35 Answer: Based on findings of # 14, patient is CLASS 2. While tooth will require follow up treatment, interim SSC restoration is NOT likely to result in Emergency visit within a 12 month period.

36 Tooth # 28: Current symptoms include prolonged sensitivity to cold temperatures and sweets. Patient states, “I can’t drink Coke anymore.” Question: What would be the Dental Readiness Class for this patient based only on the findings of # 28? 1234

37 Answer: Based on findings of # 28, patient is CLASS 3. Tooth requires immediate treatment due to symptoms and extent of cavitated lesion at CEJ.

38 Tooth # 9: No symptoms since RCT completed over 3 years ago. Patient states he dislikes the color of tooth. Access has intact composite fill. Question: What would be the Dental Readiness Class for this patient based only on the findings of # 9? 1234

39 Answer: Based on findings of # 9, patient is CLASS 2. Tooth requires follow up, but very low likelihood of becoming Emergent within 12 months. Treatment may include non-vital bleaching or perhaps P&C with full coverage.

40 Tooth # 32: Past Hx 26 year old states: “Hurt off and on when I was in school, my dentist told me back then I needed them out, but I have no problems now…” No clinical or radiographic findings. Question: What would be the Dental Readiness Class for this patient based only on the findings of # 32? 1234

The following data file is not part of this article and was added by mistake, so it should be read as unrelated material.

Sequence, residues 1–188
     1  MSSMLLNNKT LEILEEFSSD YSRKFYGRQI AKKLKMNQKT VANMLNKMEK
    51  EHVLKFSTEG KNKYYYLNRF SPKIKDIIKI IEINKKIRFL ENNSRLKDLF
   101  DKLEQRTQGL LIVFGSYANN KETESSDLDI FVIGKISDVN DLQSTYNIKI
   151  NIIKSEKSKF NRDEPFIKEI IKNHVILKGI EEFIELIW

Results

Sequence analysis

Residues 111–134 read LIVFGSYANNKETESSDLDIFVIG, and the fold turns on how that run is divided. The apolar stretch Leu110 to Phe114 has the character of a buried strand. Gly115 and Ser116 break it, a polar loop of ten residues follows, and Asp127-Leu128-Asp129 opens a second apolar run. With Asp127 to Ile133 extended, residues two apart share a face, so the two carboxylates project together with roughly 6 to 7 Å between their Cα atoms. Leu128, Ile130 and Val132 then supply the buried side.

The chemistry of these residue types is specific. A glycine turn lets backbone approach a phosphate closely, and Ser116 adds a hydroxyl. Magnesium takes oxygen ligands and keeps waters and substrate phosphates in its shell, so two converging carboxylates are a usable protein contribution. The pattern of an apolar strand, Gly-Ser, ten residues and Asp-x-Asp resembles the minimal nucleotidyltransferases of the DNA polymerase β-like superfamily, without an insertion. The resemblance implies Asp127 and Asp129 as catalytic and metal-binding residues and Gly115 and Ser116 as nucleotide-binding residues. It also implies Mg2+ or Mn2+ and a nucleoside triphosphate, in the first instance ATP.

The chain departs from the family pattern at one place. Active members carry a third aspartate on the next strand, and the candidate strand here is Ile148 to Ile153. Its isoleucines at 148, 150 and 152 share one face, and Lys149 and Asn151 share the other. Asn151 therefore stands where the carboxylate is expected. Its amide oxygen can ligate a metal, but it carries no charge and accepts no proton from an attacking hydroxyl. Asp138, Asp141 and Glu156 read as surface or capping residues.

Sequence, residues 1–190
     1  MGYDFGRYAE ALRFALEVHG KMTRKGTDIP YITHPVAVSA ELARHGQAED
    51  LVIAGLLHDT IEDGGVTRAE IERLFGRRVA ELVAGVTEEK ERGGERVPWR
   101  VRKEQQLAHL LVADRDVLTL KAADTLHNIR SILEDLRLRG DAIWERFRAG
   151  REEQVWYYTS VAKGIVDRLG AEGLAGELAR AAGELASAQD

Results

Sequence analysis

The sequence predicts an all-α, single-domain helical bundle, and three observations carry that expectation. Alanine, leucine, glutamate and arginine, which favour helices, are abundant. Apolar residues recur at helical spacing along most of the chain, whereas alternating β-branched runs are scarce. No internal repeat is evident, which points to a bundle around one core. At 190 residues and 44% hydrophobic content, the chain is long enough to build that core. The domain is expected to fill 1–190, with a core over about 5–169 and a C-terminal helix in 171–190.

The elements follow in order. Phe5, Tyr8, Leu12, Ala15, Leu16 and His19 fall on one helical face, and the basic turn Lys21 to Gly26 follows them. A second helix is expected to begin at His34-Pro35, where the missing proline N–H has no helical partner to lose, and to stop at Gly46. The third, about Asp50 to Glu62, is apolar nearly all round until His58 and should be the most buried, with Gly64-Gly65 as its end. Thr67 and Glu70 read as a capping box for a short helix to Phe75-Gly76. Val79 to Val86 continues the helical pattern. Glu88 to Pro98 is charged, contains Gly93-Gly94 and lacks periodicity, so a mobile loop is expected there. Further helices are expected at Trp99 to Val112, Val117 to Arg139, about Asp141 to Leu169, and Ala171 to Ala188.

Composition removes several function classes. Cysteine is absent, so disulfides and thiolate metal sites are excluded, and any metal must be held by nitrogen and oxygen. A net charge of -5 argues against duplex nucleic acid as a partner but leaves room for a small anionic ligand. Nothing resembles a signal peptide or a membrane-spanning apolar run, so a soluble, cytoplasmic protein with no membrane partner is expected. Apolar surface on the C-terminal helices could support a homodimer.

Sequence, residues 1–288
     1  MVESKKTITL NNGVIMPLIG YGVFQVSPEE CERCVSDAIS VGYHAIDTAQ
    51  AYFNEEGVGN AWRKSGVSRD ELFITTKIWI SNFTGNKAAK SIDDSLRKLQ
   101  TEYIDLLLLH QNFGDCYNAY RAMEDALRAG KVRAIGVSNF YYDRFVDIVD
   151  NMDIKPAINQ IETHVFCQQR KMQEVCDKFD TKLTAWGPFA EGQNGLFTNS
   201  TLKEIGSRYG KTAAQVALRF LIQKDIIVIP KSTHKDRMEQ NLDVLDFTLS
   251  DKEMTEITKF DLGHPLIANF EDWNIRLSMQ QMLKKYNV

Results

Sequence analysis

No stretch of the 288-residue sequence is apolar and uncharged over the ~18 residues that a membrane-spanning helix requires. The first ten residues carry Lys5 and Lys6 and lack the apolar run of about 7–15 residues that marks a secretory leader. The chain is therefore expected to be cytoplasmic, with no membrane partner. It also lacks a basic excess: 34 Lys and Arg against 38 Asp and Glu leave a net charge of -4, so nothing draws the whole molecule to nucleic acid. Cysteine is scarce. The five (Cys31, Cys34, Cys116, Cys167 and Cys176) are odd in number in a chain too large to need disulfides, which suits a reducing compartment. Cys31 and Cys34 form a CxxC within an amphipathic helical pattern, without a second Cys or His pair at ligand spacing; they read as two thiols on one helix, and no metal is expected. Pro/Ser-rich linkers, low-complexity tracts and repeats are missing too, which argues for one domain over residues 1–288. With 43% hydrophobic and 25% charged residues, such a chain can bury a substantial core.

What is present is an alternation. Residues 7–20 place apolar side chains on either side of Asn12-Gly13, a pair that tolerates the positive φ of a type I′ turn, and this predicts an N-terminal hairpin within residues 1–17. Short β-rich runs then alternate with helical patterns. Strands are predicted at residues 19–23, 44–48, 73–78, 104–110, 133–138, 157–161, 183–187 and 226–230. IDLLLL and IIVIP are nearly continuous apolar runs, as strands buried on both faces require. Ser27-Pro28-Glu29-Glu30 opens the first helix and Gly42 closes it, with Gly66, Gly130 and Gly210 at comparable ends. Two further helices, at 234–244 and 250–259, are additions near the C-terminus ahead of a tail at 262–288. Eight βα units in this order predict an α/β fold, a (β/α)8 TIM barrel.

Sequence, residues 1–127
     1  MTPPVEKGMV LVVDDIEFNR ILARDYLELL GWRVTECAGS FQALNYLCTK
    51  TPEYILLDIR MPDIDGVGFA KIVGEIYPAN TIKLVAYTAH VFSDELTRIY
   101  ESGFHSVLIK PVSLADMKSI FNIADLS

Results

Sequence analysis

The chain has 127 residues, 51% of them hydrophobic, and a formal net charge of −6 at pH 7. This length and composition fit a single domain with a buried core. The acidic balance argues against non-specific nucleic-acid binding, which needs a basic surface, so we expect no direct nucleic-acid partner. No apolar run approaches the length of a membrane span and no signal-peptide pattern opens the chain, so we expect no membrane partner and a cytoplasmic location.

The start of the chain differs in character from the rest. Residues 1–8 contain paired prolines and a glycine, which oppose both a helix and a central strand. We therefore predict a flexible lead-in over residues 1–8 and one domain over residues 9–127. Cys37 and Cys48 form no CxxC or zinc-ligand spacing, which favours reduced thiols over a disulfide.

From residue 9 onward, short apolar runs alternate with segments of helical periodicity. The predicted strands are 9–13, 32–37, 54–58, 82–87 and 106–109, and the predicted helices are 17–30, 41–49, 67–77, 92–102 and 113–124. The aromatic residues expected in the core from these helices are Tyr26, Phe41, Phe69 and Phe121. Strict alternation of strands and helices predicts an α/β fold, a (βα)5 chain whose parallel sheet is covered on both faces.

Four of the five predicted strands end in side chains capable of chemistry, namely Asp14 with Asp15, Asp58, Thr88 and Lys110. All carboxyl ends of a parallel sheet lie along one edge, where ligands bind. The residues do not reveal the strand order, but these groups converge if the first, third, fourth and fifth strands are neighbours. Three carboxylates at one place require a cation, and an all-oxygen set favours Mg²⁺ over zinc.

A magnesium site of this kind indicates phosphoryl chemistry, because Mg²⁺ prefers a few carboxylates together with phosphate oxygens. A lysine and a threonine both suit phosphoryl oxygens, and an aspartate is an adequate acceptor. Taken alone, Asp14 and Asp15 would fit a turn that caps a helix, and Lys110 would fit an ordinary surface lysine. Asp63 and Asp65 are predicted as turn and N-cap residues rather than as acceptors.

41 Answer: Based on findings of # 32, patient is CLASS 1. Even though tooth has history of past symptoms, its current clinical presentation is such that routine reevaluation at time of examination is all that is required.

42 Tooth # 3: No symptoms since RCT completed many years ago. Question: What would be the Dental Readiness Class for this patient based only on the findings of # 3? 1234

43 Answer: Based on findings of # 3, patient is CLASS 3. Tooth is at high risk of becoming an Emergent need for the service member within 12 months.

44 Generally, most providers have no problem quickly identifying obvious Class 3 issues.

45 More difficult for most providers (particularly those new to the system), is the distinction between Class 3 and 2 Carious lesions. Note the distal of tooth #3. Certainly treatment is indicated for #3, but would you say it is likely to result in an emergency within 12 months?

46 A key point to remember is this: Identifying someone as Class 2 still indicates that future treatment is necessary. It does NOT indicate that care should in any way be intentionally delayed. It only indicates that the individual has conditions that are not likely to result in an emergency within 12 months.

47 You as a provider are NOT lessening the importance of obtaining necessary follow up and treatment by designating the distal lesion on #3 as Class 2. Providers should not equate the Class 2 designation to Class 1 Oral Health.

48 January 2004 DASG-DC POC: LTC B. Brehm This completes the program… Thank You for participating Please submit an to Complete Mobile Dentistry stating you have completed the Dental Readiness Classification Calibration Exercise by clicking HERE.HERE. If you still have questions, it is recommended you first review the Health Affairs policy by clicking HERE.HERE In addition, you may contact the POC at DASG-DC at This is a product from the Dental Staff, Army Office of The Surgeon General. A Special Thanks goes to the Naval Institute for Dental and Biomedical Research; NDC Great Lakes, IL; and the University of Health Sciences, San Antonio, Tx.


Download ppt "January 2004 DASG-DC POC: LTC B. Brehm Department of Defense Oral Health and Readiness Classification System Diagnostic Calibration Exercise Based in."

Similar presentations


Ads by Google